In this article, for realizing efficient realtime DFL system with wireless network, we first provide the radio tomography imaging model for relating the variances of RSS measurements of wireless links to the spatial locations of the targets. Based on the RTI model, we formulate the DFL issue as a sparse signal reconstruction problem. Then we propose a novel and efficient measurement strategy based on the correlated links which are determined with possible region built on the previous reconstruction. We also propose a compressed maximum matching select (CMMS) algorithm for fast reconstruction of the signal. It only utilizes RSS measurements of the correlated links and reconstructs the signal within a restricted subspace. Hence, the running time of the algorithm is reduced and the reconstruction performance is improved simultaneously, which completely meet the need for realtime DFL applications.
The remainder of this paper is organized as follows. In the next section, we will discuss some related works. Section 3 introduces the RTI model and formulates the DFL issue as a compressed RTI (CRTI) problem with CS theory. Section 4 presents the efficient measurement strategy and the CMMS algorithm. The experiments and results are showed in Section 5. Finally, we conclude the paper in Section 6.
2 Related works
Localization of targets based on received signal strength in WSN is a promising technique which has received extensive attention[17–21]. However, little attention has been given to the realtime CSbased DFL and efficient measurement method. In this section, we briefly summarize the most relevant research on the DFL and the CSbased DFL.
Devicefree localization was first introduced by Zhang et al.[10] and Youssef et al.[9]. Zhang et al.[10–13] presented a dynamic model to describe the relation between the RSS variance and the target location, then utilized geometric method and the dynamic clusterbased probabilistic cover algorithm to solve the DFL problem. They also proposed a realtime DFL system[14]. They divided the tracking area into distinct subregions, with each region assigned with a separate radio channel, and used the support vector regression model to locate the target in each subregion. Youssef et al.[8, 9] adopted the fingerprintmatching method to realize DFL. The target’s location was estimated by comparing the current RSS measurements with the trained database. Although the above methods achieve reasonable performance, they need to build a separate training measurement database before realizing the DFL. Training measurements increase exponentially with the increase of the number of wireless links and targets. Moreover, the database will be unavailable when the environment changed. Wilson and Patwari[5, 6, 22, 23] firstly modeled the DFL as a RTI problem, then they carried out indepth research on relating the temporal link signature with the target’s location. They utilized the regularization method to solve the illposed inverse problem in the reconstruction of the radio tomographic image. Their studies laid the foundation for future research on the radio tomographic imaging and encouraged other researchers to start to work in this direction. Chen et al.[24] adopted an auxiliary particle filter to realize tracking of devicefree target based on the RSS measurements. These works require that there should be sufficient number of wireless links be measured to guarantee the reconstruction performance, otherwise, the reconstruction performance will drop significantly. On the basis of these works, we formulate the DFL as a CRTI problem and propose an efficient measurement strategy and a lightweight algorithm to realize realtime tracking.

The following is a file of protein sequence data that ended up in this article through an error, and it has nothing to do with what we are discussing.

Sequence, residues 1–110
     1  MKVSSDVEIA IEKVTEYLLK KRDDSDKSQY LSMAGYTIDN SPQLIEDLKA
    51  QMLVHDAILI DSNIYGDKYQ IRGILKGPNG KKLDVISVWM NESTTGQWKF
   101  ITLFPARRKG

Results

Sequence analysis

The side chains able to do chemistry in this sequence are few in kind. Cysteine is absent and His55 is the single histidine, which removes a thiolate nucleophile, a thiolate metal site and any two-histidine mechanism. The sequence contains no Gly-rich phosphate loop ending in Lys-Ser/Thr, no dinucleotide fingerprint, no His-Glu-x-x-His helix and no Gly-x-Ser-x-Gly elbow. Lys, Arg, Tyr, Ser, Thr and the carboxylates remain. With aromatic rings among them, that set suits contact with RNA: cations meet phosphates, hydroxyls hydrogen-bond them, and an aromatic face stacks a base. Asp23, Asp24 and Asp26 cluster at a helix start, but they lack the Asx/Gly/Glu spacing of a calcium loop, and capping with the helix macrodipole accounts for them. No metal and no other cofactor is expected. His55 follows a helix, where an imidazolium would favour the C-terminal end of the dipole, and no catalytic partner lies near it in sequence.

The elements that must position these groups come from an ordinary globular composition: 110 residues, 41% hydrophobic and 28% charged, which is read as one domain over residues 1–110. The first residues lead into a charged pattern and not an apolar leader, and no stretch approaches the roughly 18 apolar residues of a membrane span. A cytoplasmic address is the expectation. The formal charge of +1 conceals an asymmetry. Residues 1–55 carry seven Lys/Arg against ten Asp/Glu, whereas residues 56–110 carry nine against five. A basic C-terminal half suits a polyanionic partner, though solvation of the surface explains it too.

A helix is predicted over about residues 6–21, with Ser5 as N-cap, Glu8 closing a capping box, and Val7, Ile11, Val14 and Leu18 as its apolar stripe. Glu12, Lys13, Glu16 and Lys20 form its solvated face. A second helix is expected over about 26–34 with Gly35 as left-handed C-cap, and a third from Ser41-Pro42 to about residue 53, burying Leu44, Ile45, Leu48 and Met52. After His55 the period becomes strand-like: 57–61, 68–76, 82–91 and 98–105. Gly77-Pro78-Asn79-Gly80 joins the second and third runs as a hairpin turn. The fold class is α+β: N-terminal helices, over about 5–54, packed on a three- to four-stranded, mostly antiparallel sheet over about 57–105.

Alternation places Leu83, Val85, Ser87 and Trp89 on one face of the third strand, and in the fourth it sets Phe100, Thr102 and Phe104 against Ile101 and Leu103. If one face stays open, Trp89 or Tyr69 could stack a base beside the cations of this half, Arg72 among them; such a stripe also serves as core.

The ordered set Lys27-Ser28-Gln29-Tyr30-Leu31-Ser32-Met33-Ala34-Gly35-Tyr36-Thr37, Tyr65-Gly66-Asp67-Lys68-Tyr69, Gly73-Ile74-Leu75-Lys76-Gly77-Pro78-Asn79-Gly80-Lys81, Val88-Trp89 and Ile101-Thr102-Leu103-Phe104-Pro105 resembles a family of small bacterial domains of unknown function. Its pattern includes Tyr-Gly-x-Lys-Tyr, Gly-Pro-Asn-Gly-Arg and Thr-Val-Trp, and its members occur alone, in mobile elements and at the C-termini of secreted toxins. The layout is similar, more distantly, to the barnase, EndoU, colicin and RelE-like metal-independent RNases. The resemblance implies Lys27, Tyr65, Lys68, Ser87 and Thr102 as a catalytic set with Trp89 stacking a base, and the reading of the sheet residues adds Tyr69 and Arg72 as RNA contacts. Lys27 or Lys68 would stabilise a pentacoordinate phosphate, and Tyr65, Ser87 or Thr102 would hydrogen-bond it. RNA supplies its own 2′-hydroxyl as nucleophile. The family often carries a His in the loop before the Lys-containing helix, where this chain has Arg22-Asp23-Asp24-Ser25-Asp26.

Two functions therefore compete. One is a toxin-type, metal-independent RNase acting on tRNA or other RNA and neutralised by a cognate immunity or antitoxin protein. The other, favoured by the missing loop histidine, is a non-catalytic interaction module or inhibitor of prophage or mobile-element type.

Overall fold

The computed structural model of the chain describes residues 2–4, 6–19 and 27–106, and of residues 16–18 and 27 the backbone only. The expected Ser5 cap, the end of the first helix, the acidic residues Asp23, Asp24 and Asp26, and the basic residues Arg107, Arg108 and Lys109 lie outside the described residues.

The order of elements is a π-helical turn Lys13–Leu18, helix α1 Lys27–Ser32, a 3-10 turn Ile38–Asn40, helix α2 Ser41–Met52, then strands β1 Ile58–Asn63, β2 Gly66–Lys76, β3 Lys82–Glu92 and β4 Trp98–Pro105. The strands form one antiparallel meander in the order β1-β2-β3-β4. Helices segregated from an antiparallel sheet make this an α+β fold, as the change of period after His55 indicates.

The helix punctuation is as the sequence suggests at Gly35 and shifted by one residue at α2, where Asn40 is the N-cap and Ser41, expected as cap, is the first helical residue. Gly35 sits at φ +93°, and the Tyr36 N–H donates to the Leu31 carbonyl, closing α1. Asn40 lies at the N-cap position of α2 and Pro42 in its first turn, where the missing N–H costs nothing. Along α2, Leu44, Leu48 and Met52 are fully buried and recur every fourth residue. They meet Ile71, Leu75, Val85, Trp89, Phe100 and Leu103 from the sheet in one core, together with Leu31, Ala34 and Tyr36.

To the best of our knowledge, Kanso and Rabbat[15] adopted convex optimization algorithm to reconstruct the sparse image, which is the first work that adopts CS theory to solve the DFL problem. However, the computation complexity of the ℓ_{1} minimization algorithm is too high and not suitable for wireless network. Wang et al.[16] also utilized the CS theory to solve the DFL problem. They limited the region where the target may be located with prior information of last reconstruction, then used the proposed BGMP algorithm to solve the simplified DFL problem. The BGMP algorithm iteratively seeks the contribution of each pixel in the restricted region and finally locates the target on the pixel which has the biggest contribution value. BGMP essentially is a fusion of the orthogonal matching pursuit (OMP)[25] algorithm and backprojection algorithm. However, the algorithm is also computationally expensive and not very suitable for realtime localization and tracking of targets. Furthermore, the above works choose a set of wireless links to reconstruct the sparse signal and they still need to measure all of the wireless links.